What should be more important to a high school athlete, sports or education?

In a world obsessed with sports and popular culture, a potential college athlete sometimes has to decide between academics and athletics

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What should be more important to a high school athlete, sports or education?

The decision between a good school, and a school with a good athletic program, sometimes conflict with each other.

The decision between a good school, and a school with a good athletic program, sometimes conflict with each other.

Photo by Kelsey Smith

The decision between a good school, and a school with a good athletic program, sometimes conflict with each other.

Photo by Kelsey Smith

Photo by Kelsey Smith

The decision between a good school, and a school with a good athletic program, sometimes conflict with each other.

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So often is the case where a school has an impressive athletic program, but a lackluster academic record (and vice versa). That paradigm is one that keeps potential college athletes up late at night.

Since before children even enroll in school, they are told just how important a good education is. It will help you get a good job, and without one you will surely not go very far in life. But, for many children and young adults, individuals sometimes find their home and passion in the world of sport.

The field of education, and the field of sport, are usually able to co-exist rather harmoniously through an individual’s grade school career, but once senior year roles around it can become an entirely different story.

When a high school athlete begins scouting out potential colleges, they usually weigh two areas. The first being if the school has a quality academic record and requirements, and the second being if the school’s athletic program is respectable. And for all of the athletes who don’t have their pick of Division I grade A schools, many times the two aspects aren’t equal.

To provide a local example I’ll compare the academic and athletic programs of the University of Wisconsin-Green Bay and the University of Wisconsin-Platteville.

Green Bay has a D1 athletic program. Their men’s and women’s basketball teams play in the Resch Center, an arena on par with the Kohl Center (where the University of Wisconsin-Madison plays). They regularly are invited to compete in the annual NCAA March Madness tournament, and they attract world class athletes from all around the globe. On the flip side of that, they do not have an academic reputation on par with the rest of the UW system. They require a lower GPA and ACT score while applying than similar school’s such as UW-Eau Claire or UW-Lacrosse.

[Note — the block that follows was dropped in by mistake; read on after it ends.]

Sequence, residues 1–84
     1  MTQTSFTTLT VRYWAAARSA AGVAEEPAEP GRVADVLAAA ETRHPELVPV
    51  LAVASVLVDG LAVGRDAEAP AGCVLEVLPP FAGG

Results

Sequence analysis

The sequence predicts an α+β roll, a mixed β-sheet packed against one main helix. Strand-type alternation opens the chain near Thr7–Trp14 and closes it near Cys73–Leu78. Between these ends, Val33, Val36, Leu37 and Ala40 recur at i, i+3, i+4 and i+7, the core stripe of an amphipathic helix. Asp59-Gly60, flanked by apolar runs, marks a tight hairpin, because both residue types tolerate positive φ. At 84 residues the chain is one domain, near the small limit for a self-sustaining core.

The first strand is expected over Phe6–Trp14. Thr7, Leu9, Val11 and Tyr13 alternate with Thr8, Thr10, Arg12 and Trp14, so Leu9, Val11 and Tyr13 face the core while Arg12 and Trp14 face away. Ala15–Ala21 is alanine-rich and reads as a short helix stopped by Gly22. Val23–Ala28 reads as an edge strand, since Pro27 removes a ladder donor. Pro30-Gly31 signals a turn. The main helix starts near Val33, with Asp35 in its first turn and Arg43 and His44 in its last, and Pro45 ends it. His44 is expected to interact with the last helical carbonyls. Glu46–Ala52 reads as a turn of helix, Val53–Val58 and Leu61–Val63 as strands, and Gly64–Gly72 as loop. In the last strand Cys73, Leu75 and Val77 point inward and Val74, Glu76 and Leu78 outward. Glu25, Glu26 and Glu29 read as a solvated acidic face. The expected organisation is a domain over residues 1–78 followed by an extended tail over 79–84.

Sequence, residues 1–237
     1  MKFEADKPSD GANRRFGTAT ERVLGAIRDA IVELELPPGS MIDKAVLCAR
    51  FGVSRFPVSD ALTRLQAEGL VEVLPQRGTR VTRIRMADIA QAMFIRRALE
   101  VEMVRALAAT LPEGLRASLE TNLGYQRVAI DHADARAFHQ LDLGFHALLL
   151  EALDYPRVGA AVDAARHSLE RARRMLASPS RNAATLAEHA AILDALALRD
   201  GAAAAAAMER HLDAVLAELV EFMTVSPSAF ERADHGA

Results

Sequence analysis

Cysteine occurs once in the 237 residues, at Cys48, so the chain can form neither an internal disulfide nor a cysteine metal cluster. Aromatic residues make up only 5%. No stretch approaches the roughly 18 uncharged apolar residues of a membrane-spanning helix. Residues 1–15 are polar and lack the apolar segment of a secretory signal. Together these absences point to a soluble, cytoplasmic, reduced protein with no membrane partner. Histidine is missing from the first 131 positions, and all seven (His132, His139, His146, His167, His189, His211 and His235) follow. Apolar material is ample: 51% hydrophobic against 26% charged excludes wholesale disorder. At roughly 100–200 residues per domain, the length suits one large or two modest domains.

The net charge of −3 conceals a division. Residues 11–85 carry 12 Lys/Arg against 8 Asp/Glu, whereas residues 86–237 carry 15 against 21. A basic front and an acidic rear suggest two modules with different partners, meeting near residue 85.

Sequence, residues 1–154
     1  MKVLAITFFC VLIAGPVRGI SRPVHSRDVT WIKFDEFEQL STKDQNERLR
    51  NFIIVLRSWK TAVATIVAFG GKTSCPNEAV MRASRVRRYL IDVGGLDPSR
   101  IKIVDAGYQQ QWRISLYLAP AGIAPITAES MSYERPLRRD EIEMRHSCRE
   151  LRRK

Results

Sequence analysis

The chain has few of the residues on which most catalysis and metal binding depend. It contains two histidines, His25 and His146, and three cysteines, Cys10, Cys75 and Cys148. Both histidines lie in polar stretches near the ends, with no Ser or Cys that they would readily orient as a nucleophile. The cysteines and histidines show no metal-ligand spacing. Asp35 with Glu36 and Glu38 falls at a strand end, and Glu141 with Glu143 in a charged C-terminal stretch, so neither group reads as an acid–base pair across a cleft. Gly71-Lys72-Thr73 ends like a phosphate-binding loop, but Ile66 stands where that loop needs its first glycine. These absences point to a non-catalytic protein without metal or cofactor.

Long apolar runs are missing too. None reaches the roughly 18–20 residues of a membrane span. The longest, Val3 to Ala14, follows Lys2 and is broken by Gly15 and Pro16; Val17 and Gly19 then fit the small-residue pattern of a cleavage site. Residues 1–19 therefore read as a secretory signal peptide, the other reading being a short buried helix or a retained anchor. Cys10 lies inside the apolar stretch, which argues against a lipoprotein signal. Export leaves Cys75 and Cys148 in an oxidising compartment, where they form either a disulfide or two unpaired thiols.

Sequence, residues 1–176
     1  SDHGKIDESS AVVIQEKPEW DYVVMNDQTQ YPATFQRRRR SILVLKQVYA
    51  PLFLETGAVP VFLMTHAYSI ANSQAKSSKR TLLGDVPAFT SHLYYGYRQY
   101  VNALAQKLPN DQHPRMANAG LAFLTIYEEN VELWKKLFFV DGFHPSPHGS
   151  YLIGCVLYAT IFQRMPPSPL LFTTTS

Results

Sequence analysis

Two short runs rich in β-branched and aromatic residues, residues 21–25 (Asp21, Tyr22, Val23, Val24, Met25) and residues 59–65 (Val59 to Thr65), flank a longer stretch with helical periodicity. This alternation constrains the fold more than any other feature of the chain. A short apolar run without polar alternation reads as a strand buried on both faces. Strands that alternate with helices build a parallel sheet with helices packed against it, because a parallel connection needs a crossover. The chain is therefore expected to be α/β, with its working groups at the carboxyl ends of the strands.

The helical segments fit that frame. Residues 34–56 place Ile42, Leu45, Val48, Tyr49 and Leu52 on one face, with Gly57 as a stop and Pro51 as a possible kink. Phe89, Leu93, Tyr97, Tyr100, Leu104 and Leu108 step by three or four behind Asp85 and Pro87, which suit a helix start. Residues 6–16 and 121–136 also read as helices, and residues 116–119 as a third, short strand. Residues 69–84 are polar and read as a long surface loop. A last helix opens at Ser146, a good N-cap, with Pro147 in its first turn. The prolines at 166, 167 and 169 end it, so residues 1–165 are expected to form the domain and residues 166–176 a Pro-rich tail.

The reverse of this paradigm is Platteville. The university is known as a quality engineering school, and is known to be in good academic standing. On the flip side of that, their athletic program is nothing to write home about. Due in small part to their smaller enrollment total of 8,712, the team cannot play on the level of schools such as UW-Whitewater.

So what does this all mean? Well, it means that potential college athletes a lot of the time will not be able to have it both ways. They will have to consider three key factors while choosing where they want to attend college, and possibly compete in athletic competition. Those factors are: Will they get a scholarship? What are their athletic prospects? What is their intended career choice post-graduation?

A scholarship is something that is likely unattainable for the average athlete, but in today’s economic climate they are sometimes achieved. If an athlete has an opportunity to receive a free education, all while playing a sport that they love, that is something that they should strongly consider taking advantage of. However, the first part of that statement rings true for about 99% of high school athletes.

The number of high school athletes vs. the number of college athletes shows a large discrepancy. According to collegesportsscholarships.com, the percentage range of high school athletes involved in basketball, baseball, hockey, football and soccer have anywhere from a 3-11 percent change of playing in the National Collegiate Athletic Association (NCAA). And to stretch things even further, of those college athletes, only 1-9.4 percent will become professional athletes. You can see how the scale shifts in the other direction at that point.

As many of these high school athletes won’t be going pro, what is their hopeful career field post-graduation? That is something that these men and women will need to consider very thoroughly, because choosing a school that has a series of good sports teams, but a lousy academic reputation, will end up hurting them when they start applying for jobs after they graduate.

All of these factors add up to the conclusion that high school athletes should prioritize the quality of their education over their athletic goals when considering where to go to college. It will be difficult due to their love for the sport they are involved in, but it will lead to a more promising career opportunities in the long run when their athletic career has come to an end.

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